How does she do both…and do them well?

If she opts for the 9 to 5 career, she sacrifices fleeting time with her kids.  They miss out on parent-child events at school, afternoon soccer, baseball, dance, help with homework.  They become latch-key kids.  They see her for two chore-filled hours a day before they must sleep to prepare for the next day, another in which she will play a minor role.  They act out because they feel last in her list of daily priorities.  Guilt consumes her.  However, if she stays home and forfeits her career, she sacrifices herself.  Disappoints herself on a daily basis.  Begins to drown in her own pity pool of missed opportunities.  Watches the professional life she planned and dreamed of in college slink off into the night robbing her of self-confidence and leaving her a stranger to herself.  Mid-life looms…she wonders… “What now?  Who wants to hire a mom who has been at home for so long…college degree or not.  I have a resume filled with diaper duties and fending off cooties…and Dora the Explorer as a reference.”  Her struggle continues.

Regardless of the choice she makes, her maternal side and her professional side remain in a perpetual tug of war.

Ambition proves to be her double-edged sword.  She struggles daily not to disappoint the supposed “fairy tale” she’s created…and, at the same time, not to disappoint her “me” she’s yet to create.  But at the end of the day, it’s her “me” she’s yet to create that seems to be falling by the wayside.  She wants it all, damn it.  A prince charming.  Happy kids.  Love and success for them all.  But she also wants…HER.  Her career.  Her success.  Her happiness.  She wants to look in the mirror and recognize her once ambitious face.  To be proud not only of her family, but of herself.  To make a difference in the world she’s introducing to her children.  To set a feminist example for her daughter…convince her she can do anything she sets her mind to.  The sky is NOT her limit, for beyond her sky lies an unknown and unexplored universe.  But a paradox presents itself.  As she preaches unbridled ambition for the taking, she does so as a mother who has done the opposite…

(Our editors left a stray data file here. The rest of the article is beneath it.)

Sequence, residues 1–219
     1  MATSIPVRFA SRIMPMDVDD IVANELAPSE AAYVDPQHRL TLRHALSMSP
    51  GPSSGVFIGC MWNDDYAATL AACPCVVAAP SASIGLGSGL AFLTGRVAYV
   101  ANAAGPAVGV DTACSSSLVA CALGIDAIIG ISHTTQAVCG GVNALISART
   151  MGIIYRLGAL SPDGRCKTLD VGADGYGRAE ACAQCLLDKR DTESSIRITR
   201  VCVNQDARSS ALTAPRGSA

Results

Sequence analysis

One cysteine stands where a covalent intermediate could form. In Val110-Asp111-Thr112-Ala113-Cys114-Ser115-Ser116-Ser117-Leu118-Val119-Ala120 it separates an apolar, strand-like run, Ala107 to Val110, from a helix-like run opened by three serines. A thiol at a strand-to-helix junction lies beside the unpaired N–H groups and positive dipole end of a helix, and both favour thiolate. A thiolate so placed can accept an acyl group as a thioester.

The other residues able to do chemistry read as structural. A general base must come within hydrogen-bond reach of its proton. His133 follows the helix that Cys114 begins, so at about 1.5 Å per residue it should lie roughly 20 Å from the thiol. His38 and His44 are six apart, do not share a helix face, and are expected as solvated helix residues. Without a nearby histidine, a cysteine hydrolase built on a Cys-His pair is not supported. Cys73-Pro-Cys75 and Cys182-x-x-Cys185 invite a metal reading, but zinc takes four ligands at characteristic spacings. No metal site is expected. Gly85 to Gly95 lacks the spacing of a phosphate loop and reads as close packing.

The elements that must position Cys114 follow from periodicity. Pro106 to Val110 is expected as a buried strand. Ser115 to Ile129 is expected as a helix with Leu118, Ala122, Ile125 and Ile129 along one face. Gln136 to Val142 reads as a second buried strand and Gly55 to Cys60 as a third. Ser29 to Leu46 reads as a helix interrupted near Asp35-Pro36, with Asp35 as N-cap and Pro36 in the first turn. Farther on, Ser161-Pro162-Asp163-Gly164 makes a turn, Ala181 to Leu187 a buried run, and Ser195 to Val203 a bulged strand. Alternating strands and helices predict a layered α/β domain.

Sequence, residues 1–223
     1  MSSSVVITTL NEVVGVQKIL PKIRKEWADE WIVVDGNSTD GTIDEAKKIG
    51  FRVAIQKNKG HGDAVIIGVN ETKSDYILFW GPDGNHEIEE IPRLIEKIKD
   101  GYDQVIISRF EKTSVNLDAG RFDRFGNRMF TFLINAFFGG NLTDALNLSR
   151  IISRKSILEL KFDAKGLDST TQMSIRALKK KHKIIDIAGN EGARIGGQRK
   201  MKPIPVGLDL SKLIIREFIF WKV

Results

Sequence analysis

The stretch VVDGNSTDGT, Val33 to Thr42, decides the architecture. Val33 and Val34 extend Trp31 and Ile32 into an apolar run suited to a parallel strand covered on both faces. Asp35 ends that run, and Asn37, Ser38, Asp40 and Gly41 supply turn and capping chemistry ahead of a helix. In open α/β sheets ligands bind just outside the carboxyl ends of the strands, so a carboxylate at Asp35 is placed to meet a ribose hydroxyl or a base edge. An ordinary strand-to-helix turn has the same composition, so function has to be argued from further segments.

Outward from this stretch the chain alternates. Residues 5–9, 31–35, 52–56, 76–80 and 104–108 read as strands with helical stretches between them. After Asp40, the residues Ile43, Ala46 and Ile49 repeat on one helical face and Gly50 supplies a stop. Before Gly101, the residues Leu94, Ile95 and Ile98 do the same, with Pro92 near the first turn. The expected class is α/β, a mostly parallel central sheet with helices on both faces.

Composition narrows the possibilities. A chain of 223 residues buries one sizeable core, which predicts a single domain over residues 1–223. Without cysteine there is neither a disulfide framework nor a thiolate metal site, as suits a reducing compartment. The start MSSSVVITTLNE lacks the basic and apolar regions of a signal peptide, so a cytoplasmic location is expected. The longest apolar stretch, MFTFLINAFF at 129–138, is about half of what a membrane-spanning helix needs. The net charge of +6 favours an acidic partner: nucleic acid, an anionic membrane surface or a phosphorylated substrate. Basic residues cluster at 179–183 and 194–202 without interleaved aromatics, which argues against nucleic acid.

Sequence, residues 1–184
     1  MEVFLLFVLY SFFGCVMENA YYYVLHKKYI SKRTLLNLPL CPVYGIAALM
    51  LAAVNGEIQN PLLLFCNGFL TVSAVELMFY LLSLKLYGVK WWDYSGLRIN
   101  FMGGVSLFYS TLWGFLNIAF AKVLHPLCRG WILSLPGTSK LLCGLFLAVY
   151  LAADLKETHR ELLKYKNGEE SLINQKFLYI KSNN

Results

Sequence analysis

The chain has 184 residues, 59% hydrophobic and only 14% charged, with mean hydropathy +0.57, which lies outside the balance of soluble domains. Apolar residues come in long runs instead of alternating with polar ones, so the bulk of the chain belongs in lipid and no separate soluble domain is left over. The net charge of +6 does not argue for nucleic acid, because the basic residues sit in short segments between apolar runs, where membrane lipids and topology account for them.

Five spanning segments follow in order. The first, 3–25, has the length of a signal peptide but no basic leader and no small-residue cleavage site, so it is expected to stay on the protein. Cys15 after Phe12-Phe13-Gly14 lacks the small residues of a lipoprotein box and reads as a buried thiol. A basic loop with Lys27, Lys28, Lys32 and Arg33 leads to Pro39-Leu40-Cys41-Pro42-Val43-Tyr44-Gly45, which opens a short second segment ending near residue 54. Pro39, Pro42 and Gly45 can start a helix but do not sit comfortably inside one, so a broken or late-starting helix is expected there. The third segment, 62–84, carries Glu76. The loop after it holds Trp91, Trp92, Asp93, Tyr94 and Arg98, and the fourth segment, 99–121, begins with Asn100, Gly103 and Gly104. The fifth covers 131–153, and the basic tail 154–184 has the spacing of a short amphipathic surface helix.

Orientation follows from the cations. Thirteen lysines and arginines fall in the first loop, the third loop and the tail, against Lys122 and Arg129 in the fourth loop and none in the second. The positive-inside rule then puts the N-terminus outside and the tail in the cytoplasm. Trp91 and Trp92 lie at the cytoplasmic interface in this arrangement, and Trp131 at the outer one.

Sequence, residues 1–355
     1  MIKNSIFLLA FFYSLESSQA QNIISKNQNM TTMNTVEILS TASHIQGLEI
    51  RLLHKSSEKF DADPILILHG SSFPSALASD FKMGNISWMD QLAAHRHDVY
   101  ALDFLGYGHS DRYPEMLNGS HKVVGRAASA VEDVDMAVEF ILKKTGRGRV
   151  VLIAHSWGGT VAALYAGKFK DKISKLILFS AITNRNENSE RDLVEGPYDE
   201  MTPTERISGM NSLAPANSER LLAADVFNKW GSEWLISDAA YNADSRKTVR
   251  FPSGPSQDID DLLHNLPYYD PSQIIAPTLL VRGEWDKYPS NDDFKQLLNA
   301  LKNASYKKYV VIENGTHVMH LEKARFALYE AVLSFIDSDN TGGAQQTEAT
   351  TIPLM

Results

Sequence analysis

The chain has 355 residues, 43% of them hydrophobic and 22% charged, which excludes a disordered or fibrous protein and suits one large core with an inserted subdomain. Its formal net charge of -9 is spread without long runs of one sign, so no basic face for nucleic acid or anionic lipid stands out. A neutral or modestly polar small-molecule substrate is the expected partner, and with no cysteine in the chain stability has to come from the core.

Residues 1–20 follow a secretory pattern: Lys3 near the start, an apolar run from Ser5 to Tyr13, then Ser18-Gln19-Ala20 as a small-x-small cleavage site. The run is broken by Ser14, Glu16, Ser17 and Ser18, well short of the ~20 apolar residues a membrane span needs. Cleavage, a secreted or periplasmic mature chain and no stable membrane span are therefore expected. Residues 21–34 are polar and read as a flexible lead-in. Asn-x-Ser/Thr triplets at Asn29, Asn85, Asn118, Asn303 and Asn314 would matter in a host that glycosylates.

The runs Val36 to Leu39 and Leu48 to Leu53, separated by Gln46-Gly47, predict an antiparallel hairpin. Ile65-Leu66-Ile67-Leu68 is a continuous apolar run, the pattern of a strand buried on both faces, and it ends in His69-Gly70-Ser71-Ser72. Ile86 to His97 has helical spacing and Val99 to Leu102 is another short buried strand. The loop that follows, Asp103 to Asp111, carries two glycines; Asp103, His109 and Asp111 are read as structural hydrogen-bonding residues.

telling her daughter to take on the world and let nothing stand in her way, but showing her to sacrifice it all to raise a family.

So she wonders…is she teaching her to be all she can be?  Or is she simply perpetuating the fairy tale hell?

How can she possibly teach her kids to raise their hands and reach for the stars when she’s tied her own hands behind her back?  How can she manage to satisfy the dreams of both herself and her kids?  How can any mother?

Mirror, mirror, on the wall…

What DO women want?  DO we want the fairy tale?  Or does the fairy tale want us?

Chick Hughes

“Obsessed by a fairy tale, we spend our lives searching for a magic door and a lost kingdom of peace.”  ~ Eugene O’Neill


In any marriage, there are a few major contenders vying for title of “Most Fought Over Issue.”  The way in which we discipline our kids proudly takes its rightful place among these contenders.  When we marry our chosen love, we’re pretty naive as to what we’re getting ourselves into when it comes to disciplining our future look-alikes.  In fact, we tend to romanticize the idea of having children a bit… only imagining the adorable little baby babbling away…failing to imagine that mouthy little 5 year old who has the uncanny ability to oppose us at every crossing, whether it’s wanting candy for breakfast or screaming aloud at us publicly in an attempt  to shame us into buying him that “can’t live without” toy that will meet it’s fate in the Bermuda Triangle of lost toys within the week.  But now that reality has set in as parents, how will mom and dad agree on how to discourage the unwanted behaviors and encourage the opposite?

Discipline is as necessary to a child’s upbringing as love.   Our children crave boundaries, rules, love, and discipline.  Without discipline, rules and boundaries are imaginary to a child…only clouds of empty gibberish floating from our mouths, bouncing off of them and back at us like tiny boomerangs.   Empty promises of “I’ll spank you if you do that!” only teach them to ignore and disrespect us.  If we do want our children to respect us and learn boundaries, we must back up our threatened consequences.  But how exactly do we do that if one parent preaches “spank him” and another parent prefers taking away that prized Nintendo DS that is seemingly glued to his hand?